Improper installation of Insulation can cause hot or cold spots in a room or a home. Jay Markanich illustrates how the use of a thermal imaging device can identify issues that would be hard to identify using other methods and gives us another reason to consider having a home inspection on new homes.
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One VERY IMPORTANT thing I do on a one-year warranty inspection is sweep the house with my thermal camera to see if there is slipping insulation.
It is important to do this because the camera can definitively determine if the insulation has actually slipped. Done before the warranty is expired puts the fix back in the builder's lap.
But be careful. Some "one-year" warranties expire in 11 months! That's a another little trick employed in recent times. So check your contract carefully before you hire a home inspector.
These are two different views of the same room. It is the fourth level of a single-family house.
I love four levels in a house. It makes for a very fun, versatile room and there is little wasted attic space.
In this case the ceiling is peaked. The drywall you see is not very far from the roof.
These images are taken in the morning. This room faces east and west.
The image on the left is the west side. Part of this vertical wall is exposed in the attic space. As such the entirety of that wall should be insulated.
From the attic it was evident that the insulation had come loose and some had fallen down. That purple spot is an area where the builder dug through the insulation to get at something down the wall, and never replaced it. That is the coldest spot in the image, and 42F. By contrast, look how warm the rest of the wall looks!
And look at how the camera organizes the 307,200 pixel points of temperature in each of these two images. The walls look warm (orange and yellow) in the left image and cool (lavender and blue) in the right image because the camera is demonstrating contrast. The temperatures in the walls and ceiling are not that much different between these two images, but appear so because of the temperature contrast.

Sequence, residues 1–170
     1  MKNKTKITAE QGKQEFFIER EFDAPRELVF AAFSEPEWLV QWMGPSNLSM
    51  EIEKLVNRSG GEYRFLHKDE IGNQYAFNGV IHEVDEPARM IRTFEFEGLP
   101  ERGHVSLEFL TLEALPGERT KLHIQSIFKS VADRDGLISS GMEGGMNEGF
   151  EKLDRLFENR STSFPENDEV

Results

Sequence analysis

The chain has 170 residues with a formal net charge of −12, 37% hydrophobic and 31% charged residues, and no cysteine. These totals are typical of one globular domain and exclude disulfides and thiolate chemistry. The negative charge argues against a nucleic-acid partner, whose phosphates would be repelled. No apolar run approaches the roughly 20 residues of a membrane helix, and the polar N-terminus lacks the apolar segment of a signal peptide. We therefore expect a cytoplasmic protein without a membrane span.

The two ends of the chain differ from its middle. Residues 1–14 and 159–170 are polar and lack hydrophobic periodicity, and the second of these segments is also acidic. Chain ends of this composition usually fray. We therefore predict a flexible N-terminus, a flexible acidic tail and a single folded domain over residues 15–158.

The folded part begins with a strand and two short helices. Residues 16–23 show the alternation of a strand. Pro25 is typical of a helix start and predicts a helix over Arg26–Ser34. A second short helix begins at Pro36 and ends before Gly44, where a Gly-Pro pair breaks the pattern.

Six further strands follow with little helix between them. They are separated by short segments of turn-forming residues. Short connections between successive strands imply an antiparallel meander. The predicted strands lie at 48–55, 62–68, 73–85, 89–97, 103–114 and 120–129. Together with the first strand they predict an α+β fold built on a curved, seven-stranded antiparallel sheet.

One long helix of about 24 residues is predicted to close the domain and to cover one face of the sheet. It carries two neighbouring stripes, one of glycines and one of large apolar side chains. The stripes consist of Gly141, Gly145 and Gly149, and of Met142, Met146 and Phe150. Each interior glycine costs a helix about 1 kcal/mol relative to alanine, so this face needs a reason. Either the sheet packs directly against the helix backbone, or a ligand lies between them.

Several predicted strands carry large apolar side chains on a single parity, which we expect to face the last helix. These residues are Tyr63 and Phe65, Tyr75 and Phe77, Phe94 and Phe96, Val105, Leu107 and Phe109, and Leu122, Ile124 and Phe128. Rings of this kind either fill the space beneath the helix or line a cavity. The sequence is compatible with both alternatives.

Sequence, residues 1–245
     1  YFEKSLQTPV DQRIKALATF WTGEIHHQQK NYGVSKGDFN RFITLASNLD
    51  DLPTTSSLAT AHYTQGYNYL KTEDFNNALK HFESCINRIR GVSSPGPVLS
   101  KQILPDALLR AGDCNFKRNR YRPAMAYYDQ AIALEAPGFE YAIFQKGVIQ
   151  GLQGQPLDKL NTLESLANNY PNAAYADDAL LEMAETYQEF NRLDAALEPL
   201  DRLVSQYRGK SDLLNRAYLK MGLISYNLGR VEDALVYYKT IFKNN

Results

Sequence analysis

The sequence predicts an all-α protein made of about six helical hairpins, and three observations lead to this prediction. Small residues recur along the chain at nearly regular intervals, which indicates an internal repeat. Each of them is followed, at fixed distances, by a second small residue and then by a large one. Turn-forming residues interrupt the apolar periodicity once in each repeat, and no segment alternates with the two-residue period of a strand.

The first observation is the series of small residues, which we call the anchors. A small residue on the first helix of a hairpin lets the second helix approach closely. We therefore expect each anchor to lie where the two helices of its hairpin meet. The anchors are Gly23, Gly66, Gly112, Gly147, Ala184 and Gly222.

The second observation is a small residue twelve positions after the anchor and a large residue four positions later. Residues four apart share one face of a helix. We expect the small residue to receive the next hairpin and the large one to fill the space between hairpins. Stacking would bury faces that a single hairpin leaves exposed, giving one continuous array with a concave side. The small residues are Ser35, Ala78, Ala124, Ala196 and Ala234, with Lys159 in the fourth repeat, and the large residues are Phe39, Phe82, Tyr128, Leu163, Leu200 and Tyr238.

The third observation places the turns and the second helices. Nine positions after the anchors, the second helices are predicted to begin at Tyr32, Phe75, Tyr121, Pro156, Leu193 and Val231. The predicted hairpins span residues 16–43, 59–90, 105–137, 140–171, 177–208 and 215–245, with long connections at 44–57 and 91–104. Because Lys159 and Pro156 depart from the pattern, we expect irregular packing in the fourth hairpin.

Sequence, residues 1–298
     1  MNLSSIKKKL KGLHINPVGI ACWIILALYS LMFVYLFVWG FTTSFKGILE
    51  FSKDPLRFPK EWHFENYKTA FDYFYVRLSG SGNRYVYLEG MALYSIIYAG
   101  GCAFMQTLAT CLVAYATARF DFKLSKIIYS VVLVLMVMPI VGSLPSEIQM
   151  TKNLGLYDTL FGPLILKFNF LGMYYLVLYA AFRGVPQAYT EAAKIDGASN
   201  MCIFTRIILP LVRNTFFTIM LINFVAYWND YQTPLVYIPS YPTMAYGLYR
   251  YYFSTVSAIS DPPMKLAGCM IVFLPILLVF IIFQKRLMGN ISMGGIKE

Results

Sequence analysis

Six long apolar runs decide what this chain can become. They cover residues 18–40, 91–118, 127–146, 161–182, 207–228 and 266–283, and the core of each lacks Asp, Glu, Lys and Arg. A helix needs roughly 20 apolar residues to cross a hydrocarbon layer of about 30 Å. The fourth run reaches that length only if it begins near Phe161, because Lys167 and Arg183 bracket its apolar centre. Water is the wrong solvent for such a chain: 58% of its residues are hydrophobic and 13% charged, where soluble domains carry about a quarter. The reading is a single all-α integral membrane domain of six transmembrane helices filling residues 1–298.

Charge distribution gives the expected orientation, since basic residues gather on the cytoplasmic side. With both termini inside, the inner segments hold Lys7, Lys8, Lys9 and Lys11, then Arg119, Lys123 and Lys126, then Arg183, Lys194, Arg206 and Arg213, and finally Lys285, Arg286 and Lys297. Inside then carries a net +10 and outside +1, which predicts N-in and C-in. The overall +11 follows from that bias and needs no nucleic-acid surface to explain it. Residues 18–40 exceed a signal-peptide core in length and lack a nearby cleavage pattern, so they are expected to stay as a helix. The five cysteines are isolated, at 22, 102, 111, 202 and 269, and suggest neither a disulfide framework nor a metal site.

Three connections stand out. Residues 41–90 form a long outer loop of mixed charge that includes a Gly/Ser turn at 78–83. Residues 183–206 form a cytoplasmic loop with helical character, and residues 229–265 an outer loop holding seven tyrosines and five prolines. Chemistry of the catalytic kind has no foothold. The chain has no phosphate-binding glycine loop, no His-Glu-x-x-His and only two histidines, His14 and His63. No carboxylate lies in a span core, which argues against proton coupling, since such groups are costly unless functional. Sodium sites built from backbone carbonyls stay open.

The image on the right is the east side of the same room! Look how the sun on that side of the house is heating the attic space there. And again, look at how poorly placed the insulation is, literally coming off the wall!
Why does insulation slip? Insulation has flaps on the paper of the vapor retarder stuck to one side. Those flaps are there for a reason! AND THAT REASON IS TO STAPLE IT TO THE STUDS!
When it isn't stapled, over time, it will sink. Why? BECAUSE GRAVITY WORKS! Staples are how I determine the quality of the insulation job on a pre-drywall inspection. I do that so that the one-year inspection doesn't reveal what this one has.
I have seen very high cathedral-ceiling walls where the insulation has slipped down about one third in the first year. That is a difficult problem to fix because it requires removing and replacing drywall. In this case it isn't so hard to go into the attic to staple this stuff up properly. BUT IT MUST BE DONE! And the time to catch it is during the warranty period!!
These people have complained that this room was inordinately hot and cold. Well no wonder!
My recommendation: get a one-year inspection on your home! And if possible, hire a thermographer to try to catch poorly insulated areas. You will be far more comfortable if you do. Peace of mind is worth a million bucks! It's certainly worth the price of a thermal image inspection. And remember the other benefit - thermographers are all really cute.
Jay Markanich Real Estate Inspections, LLC
Based in Bristow, serving all of Northern Virginia
Chris Smith CSSBB
Chay Realty Inc., Brokerage